Limits on vaccine tests in nonhuman primates threaten great apes' survival | Immunotherapy suppresses HIV in monkeys | Zika targets CNS, muscles, joints, research in rhesus macaques finds
March 15, 2017
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Limits on vaccine tests in nonhuman primates threaten great apes' survival
Limits on vaccine tests in nonhuman primates threaten great apes' survival
(Ivan Lieman/AFP/Getty Images)
The Ebola virus threatens the last remaining great ape populations, and researchers may have developed an effective single-dose oral vaccine that would prevent the spread of Ebola not only within ape populations but also from ape to human communities. But legal and social restrictions on biomedical testing in nonhuman primates are creating obstacles to the vaccine's development.
Wired.co.uk (U.K.) (3/13),  Gizmodo (3/9),  ScienceMag.org (3/9) 
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Research Breakthroughs
Immunotherapy suppresses HIV in monkeys
Treatment with two anti-HIV antibodies soon after infection suppressed HIV in 10 of 13 macaque monkeys for up to six months in a study published in Nature. A new study is testing the antibodies' efficacy when administered two to six weeks after infection.
HealthDay News (3/13) 
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Zika targets CNS, muscles, joints, research in rhesus macaques finds
The Zika virus attacks the victim's central nervous system, muscles, joints, lymph nodes and reproductive and urinary tracts as it spreads from the bloodstream to other tissues, a study in rhesus macaque monkeys said. Moreover, the virus persists in affected tissue for at least five weeks, the researchers reported in PLOS Pathogens. "Many of the important elements that we're interested in seem to translate from rhesus macaques to humans," lead author Alec Hirsch said.
The Oregonian (Portland) (3/12) 
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Orangutan's death prompts tough questions about health connections
After Mahal, the Milwaukee County Zoo's 5-year-old orangutan, died suddenly, veterinarians and other scientists launched an investigation that would span past and present, several countries, multiple types of evidence and consideration of zoonotic diseases before answers were uncovered. In the end, scientists concluded Mahal died from a newly identified tapeworm species, but exactly where and how the animal contracted the parasite -- and whether the tapeworm species can infect humans -- remains unknown.
Milwaukee Journal Sentinel (tiered subscription model) (3/9) 
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Research to explore disease transmission in animals
Pennsylvania State University researchers are exploring disease transmission in animals that often serve as reservoirs for zoonotic pathogens. The team hopes exploring the viromes of the white-footed mouse and the black-legged tick will improve forecasts for infectious disease outbreaks in humans.
Healio (free registration) (3/12) 
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Other News
Animal Health
Studying childhood cancer in pets could yield benefits for dogs and humans
Studying childhood cancer in pets could yield benefits for dogs and humans.
(Robyn Beck/AFP/Getty Images)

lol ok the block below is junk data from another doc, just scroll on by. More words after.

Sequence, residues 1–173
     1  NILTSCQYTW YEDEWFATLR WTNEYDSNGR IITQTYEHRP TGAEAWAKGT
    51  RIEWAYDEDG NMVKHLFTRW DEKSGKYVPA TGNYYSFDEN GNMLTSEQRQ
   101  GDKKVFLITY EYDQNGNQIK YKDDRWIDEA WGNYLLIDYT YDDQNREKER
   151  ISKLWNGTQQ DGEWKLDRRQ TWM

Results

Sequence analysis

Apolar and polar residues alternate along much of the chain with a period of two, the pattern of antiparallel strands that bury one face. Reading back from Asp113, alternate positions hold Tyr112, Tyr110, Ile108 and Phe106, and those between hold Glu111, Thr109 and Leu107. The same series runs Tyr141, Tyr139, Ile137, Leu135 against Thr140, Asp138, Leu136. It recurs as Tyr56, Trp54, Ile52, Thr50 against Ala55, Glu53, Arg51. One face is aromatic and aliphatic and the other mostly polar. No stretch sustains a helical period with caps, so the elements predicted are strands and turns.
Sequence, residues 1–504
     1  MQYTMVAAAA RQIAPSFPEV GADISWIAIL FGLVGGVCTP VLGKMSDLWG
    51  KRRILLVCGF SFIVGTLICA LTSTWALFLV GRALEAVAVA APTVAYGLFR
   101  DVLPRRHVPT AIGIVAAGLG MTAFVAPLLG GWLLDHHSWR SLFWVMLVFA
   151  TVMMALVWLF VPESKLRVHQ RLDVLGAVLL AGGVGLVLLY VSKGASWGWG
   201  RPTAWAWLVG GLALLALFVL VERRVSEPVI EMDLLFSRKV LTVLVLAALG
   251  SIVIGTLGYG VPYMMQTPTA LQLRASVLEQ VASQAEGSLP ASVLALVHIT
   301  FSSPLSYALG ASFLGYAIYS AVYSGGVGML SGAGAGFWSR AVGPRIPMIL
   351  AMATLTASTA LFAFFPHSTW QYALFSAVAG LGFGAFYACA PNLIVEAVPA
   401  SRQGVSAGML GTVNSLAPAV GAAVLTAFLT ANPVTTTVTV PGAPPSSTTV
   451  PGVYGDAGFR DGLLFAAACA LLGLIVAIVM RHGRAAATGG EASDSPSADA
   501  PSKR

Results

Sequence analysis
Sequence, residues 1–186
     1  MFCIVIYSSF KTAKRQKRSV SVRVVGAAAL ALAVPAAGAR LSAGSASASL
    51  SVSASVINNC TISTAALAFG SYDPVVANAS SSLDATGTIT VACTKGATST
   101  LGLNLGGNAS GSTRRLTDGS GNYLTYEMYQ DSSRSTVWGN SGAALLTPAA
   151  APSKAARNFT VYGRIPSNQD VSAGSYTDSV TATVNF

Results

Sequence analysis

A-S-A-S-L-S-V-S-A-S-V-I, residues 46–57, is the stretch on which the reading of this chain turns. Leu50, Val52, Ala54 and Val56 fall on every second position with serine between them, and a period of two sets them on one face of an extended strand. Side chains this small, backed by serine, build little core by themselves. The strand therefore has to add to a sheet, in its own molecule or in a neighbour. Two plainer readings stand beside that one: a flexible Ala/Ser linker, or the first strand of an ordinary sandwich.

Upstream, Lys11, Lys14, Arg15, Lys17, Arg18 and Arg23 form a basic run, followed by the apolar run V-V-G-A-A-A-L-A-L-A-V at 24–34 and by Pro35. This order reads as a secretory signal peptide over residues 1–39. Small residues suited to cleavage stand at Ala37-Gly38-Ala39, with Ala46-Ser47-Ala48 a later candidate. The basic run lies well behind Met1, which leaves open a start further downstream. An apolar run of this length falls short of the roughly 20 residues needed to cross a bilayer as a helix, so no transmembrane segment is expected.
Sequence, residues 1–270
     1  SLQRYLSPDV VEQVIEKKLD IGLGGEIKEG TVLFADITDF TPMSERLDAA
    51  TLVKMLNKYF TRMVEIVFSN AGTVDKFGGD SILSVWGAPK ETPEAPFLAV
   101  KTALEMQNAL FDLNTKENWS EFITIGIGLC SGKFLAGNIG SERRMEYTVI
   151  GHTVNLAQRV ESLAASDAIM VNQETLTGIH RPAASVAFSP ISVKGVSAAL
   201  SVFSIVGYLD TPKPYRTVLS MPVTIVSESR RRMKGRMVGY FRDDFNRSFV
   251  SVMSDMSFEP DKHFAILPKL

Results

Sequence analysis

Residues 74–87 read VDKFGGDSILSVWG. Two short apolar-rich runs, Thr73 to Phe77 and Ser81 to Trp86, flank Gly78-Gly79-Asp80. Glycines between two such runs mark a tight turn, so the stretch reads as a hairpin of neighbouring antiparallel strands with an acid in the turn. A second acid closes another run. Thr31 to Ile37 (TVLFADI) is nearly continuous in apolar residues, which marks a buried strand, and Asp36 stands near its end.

There have been no real treatment advances in osteosarcoma in recent decades, but Tufts University veterinarian Cheryl London and Dana-Farber/Boston Children's Cancer Center physician Katie Janeway hope to change that by studying osteosarcoma treatments in dogs that may also help children with the disease. Dr. London says pet dogs are a good model for studying cancer because they live in the same environment humans do, so their immune systems are more diverse than those of laboratory mice.
CBS News (3/12) 
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Other News
FBR in the News
Study examines how well animal tests predict toxicity in humans
Researchers at Johns Hopkins University are comparing standard animal tests with other methods using human cells or computer models to determine how well animal toxicity results translate to humans. The study could result in fewer animals being used in research, but in the meantime, "there is no comprehensive substitute for animal testing and research," said Matt Bailey, president of the Foundation for Biomedical Research. "There is no way to completely replace animal research because the pathway to fully replicating a complete living system does not yet exist," Bailey said.
The Baltimore Sun (3/12) 
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Commentary: Animal research helps animals and people
Biomedical research involving animals benefits animals as well as humans, research animals are well cared for and are not kept in pain, and myriad federal rules govern animal research, Machine Design Senior Editor Stephen Mraz writes. Citing Foundation for Biomedical Research resources, Mraz debunks nine myths about animal testing and shows why animal testing remains indispensable in biomedical research.
Machine Design (3/13) 
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FBR News
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The Foundation for Biomedical Research (FBR) is the nation’s oldest and largest non-profit dedicated to improving human and animal health by promoting public understanding and support for biomedical research. Our mission is to educate people about the essential role animal research plays in the quest for medical advancements, treatments and cures for both people and animals.
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